The island Britain 1 is 800 miles long, and 200 miles broad. And there are in the island five nations; English, Welsh (or British) 2, Scottish, Pictish, and Latin. The first inhabitants were the Britons, who came from Armenia 3, and first peopled Britain southward. Then happened it, that the Picts came south from Scythia, with long ships, not many; and, landing first in the northern part of Ireland, they told the Scots that they must dwell there. But they would not give them leave; for the Scots told them that they could not all dwell there together; "But," said the Scots, "we can nevertheless give you advice. We know another island here to the east. There you may dwell, if you will; and whosoever withstandeth you, we will assist you, that you may gain it." Then went the Picts and entered this land northward. Southward the Britons possessed it, as we before said. And the Picts obtained wives of the Scots, on condition that they chose their kings always on the female side 4; which they have continued to do, so long since. And it happened, in the run of years, that some party of Scots went from Ireland into Britain, and acquired some portion of this land. Their leader was called Reoda 5, from whom they are named Dalreodi (or Dalreathians).
Sixty winters ere that Christ was born, Caius Julius, emperor of the Romans, with eighty ships sought Britain. There he was first beaten in a dreadful fight, and lost a great part of his army. Then he let his army abide with the Scots 6, and went south into Gaul. There he gathered six hundred ships, with which he went back into Britain. When they first rushed together, Caesar's tribune, whose name was Labienus 7, was slain. Then took the Welsh sharp piles, and drove them with great clubs into the water, at a certain ford of the river called Thames. When the Romans found that, they would not go over the ford. Then fled the Britons to the fastnesses of the woods; and Caesar, having after much fighting gained many of the chief towns, went back into Gaul 8.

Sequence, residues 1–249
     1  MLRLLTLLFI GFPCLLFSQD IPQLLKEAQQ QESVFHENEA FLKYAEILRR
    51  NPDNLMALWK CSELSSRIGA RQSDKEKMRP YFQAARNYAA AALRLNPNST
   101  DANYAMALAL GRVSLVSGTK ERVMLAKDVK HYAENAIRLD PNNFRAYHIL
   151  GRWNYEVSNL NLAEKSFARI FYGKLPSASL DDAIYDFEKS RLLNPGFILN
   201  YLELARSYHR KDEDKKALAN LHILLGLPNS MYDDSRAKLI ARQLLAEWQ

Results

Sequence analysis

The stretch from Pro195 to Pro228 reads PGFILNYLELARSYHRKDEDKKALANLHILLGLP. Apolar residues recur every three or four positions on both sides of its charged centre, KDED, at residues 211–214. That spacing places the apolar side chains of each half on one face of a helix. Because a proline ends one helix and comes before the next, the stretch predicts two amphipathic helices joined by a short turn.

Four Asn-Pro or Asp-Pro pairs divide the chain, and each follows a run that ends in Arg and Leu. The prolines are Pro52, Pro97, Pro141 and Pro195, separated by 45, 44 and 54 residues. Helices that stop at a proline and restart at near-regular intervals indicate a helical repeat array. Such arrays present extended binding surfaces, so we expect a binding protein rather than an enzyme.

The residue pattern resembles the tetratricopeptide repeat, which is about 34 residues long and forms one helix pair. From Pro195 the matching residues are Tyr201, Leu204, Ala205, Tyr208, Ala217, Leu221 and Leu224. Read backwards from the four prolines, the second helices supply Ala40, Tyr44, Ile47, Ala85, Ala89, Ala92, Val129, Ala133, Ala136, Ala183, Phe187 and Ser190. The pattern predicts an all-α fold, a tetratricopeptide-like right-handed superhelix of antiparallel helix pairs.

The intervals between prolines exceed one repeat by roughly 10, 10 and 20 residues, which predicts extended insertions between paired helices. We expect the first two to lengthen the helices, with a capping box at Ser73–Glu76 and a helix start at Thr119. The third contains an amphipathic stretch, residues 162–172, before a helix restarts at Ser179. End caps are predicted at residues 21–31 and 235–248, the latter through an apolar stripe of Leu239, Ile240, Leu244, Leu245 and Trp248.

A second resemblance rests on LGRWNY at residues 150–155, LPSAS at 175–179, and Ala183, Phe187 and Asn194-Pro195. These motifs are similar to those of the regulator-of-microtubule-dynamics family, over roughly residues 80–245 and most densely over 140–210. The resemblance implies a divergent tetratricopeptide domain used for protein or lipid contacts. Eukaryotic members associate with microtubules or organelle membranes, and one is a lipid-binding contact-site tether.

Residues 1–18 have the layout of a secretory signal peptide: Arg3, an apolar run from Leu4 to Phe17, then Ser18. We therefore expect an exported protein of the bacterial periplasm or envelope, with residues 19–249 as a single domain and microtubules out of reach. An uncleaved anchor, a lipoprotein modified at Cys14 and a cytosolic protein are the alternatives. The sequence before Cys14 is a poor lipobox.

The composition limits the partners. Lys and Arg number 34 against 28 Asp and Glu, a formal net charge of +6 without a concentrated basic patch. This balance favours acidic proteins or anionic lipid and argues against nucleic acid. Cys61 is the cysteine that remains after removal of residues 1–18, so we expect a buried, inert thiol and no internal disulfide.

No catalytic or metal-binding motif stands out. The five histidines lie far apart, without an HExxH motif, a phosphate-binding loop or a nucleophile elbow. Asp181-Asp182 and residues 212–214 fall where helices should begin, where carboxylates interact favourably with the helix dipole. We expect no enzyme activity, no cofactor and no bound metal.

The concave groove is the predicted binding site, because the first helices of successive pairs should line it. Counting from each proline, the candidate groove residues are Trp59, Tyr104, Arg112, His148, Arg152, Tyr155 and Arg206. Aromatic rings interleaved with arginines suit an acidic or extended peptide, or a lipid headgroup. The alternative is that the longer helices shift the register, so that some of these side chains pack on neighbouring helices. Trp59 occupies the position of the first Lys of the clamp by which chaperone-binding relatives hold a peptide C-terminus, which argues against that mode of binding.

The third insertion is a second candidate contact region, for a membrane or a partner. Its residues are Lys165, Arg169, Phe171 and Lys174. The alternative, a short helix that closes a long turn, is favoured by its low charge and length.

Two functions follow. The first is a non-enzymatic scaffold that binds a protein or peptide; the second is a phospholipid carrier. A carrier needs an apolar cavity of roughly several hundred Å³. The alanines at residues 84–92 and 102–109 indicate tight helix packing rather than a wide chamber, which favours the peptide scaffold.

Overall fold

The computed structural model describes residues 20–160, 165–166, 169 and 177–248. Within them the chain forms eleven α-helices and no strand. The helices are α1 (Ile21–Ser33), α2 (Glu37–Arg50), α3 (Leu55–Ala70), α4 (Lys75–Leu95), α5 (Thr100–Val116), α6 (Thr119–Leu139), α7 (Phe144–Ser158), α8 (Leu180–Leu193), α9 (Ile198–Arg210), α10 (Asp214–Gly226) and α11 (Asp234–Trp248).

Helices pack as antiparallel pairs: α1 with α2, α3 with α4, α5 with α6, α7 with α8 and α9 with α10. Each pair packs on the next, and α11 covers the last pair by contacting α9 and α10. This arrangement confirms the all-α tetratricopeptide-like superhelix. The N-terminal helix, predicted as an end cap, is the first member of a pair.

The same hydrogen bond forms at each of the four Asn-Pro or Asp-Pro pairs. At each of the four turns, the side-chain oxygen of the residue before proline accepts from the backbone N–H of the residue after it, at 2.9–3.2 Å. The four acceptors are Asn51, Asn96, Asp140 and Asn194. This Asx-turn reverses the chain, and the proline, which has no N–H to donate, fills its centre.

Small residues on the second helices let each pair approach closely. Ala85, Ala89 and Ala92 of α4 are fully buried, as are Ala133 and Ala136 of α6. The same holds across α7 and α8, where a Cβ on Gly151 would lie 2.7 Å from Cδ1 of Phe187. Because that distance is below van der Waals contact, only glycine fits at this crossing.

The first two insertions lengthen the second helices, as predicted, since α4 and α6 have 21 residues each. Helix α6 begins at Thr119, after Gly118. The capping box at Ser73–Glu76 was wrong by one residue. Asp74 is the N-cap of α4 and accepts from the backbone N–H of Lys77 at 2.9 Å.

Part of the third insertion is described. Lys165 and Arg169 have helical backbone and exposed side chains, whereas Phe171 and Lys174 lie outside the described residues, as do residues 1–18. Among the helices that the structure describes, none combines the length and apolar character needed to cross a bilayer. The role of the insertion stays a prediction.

((B.C. 60. Before the incarnation of Christ sixty years, Gaius Julius the emperor, first of the Romans, sought the land of Britain; and he crushed the Britons in battle, and overcame them; and nevertheless he was unable to gain any empire there.))
Octavianus reigned fifty-six winters; and in the forty-second year of his reign Christ was born. Then three astrologers from the east came to worship Christ; and the children in Bethlehem were slain by Herod in persecution of Christ.
This year died Herod, stabbed by his own hand; and Archelaus his son succeeded him. The child Christ was also this year brought back again from Egypt.
From the beginning of the world to this year were agone five thousand and two hundred winters.
This year Herod the son of Antipater undertook the government in Judea.
This year Philip and Herod divided Judea into four kingdoms.
((A.D. 12. This year Judea was divided into four tetrarchies.))